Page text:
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Anatomy of the ascending spinal cord pathways
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The spinal cord is like a highway that enables a two-way communication between the brain and other parts of the body. It contains neural pathways, called spinal cord pathways, or simply spinal tracts, which can be either ascending or descending. Both types of tracts are made up of neuronal axons that gather into long columns called funiculi, which are found inside the ventral, lateral and dorsal aspects of the spinal cord. Here, we’ll focus on the ascending tracts, which are sensory pathways, carrying sensory information from the body, like pain, up the spinal cord to the brain.
Now, let’s start by looking at the anatomy of the spinal cord. Anteriorly, there is a deep midline depression called the ventral median fissure and, posteriorly, there is a more shallow midline depression called the dorsal median sulcus. Each half also has a ventrolateral sulcus, where ventral rootlets leave the spinal cord; and a dorsolateral sulcus, where dorsal rootlets enter the spinal cord. The ventral and dorsal rootlets fuse to form the ventral and dorsal roots, respectively.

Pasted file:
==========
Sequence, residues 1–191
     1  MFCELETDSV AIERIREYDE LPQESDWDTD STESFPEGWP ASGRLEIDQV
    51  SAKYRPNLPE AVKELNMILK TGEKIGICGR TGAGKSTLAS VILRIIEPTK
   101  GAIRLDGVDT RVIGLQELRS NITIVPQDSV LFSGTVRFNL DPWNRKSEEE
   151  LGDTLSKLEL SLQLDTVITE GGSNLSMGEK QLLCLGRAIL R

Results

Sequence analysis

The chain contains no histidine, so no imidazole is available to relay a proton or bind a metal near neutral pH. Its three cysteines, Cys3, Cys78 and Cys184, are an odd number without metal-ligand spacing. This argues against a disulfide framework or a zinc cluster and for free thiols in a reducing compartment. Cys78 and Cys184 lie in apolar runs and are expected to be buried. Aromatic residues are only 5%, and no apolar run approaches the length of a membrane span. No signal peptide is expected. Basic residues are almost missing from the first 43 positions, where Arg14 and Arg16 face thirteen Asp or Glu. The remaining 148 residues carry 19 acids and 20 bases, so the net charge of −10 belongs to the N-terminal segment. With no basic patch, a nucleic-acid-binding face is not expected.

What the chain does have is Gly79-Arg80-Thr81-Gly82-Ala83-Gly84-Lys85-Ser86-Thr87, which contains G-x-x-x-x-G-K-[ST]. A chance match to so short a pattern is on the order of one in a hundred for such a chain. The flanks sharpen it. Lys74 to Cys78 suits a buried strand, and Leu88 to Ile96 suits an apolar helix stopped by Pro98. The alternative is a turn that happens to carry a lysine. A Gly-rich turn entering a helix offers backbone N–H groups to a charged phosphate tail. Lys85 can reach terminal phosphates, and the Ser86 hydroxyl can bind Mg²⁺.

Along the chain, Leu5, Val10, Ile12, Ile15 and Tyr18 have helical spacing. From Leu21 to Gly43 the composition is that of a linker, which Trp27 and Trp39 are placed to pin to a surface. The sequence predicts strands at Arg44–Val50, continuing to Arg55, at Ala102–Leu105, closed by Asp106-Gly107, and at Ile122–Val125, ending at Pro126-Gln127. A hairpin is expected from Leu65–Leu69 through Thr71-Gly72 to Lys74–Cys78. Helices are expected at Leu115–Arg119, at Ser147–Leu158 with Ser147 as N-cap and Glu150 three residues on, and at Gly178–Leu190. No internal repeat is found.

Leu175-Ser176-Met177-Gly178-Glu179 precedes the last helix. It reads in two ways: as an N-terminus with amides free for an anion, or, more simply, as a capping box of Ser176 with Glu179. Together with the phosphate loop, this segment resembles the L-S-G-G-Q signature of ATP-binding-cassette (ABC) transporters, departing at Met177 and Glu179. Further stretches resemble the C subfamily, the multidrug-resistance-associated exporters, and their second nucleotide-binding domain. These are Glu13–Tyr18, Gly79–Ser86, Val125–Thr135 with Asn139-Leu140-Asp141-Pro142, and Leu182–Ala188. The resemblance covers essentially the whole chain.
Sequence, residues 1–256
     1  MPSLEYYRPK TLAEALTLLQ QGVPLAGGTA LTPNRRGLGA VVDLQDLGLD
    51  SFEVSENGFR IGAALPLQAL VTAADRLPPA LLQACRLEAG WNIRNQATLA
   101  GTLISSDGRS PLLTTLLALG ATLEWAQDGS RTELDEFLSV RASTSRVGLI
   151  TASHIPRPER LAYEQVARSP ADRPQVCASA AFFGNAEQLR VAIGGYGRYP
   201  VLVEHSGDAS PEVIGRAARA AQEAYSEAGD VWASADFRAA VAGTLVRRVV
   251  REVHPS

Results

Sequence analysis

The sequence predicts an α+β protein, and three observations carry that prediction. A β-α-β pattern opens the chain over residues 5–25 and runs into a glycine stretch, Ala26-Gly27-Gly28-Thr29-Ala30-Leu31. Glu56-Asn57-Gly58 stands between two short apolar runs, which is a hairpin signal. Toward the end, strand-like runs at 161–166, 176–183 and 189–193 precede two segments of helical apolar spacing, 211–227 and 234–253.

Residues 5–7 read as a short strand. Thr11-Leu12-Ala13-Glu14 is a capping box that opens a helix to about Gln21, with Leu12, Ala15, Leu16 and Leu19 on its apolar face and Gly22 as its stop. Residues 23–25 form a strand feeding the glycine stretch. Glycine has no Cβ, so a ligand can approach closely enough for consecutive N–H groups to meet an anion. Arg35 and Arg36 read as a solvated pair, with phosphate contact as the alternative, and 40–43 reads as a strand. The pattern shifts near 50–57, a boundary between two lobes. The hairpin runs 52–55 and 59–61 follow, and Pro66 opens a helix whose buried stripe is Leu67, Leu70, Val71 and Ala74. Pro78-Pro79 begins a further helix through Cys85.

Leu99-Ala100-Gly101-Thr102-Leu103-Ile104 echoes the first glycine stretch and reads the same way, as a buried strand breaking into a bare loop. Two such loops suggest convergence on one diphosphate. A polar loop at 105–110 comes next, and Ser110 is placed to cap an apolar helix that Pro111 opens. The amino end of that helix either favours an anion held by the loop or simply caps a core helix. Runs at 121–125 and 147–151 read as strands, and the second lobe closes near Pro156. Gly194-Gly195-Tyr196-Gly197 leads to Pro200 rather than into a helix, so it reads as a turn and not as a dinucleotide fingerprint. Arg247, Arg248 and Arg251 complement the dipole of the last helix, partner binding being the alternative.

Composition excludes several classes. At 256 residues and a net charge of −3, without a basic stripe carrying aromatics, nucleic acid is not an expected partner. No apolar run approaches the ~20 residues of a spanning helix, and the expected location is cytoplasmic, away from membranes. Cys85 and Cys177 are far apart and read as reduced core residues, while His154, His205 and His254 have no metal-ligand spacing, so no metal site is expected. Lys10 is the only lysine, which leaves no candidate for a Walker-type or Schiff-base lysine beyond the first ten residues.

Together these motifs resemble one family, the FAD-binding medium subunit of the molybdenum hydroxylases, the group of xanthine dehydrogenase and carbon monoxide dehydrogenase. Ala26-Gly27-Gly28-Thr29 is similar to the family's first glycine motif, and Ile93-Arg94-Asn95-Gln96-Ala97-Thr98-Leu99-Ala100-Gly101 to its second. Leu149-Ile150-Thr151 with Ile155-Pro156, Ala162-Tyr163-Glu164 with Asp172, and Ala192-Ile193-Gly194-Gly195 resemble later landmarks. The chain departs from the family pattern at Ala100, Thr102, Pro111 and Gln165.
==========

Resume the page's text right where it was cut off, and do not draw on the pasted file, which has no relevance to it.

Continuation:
Ventral rootlets and roots carry motor fibers that travel from the spinal cord to different organs and muscles, while their dorsal counterparts - with a sensory ganglion, called the dorsal root ganglion, attached to each dorsal root - carry sensory fibers from organs and receptors throughout the body to the spinal cord.
Now, on a transverse section, the spinal cord has an area of gray matter shaped like a capital “H” in the middle. The gray matter is subdivided into the gray commissure, which is the strip connecting the two halves of the spinal cord that surrounds the central canal; and the peripheral regions known as horns.
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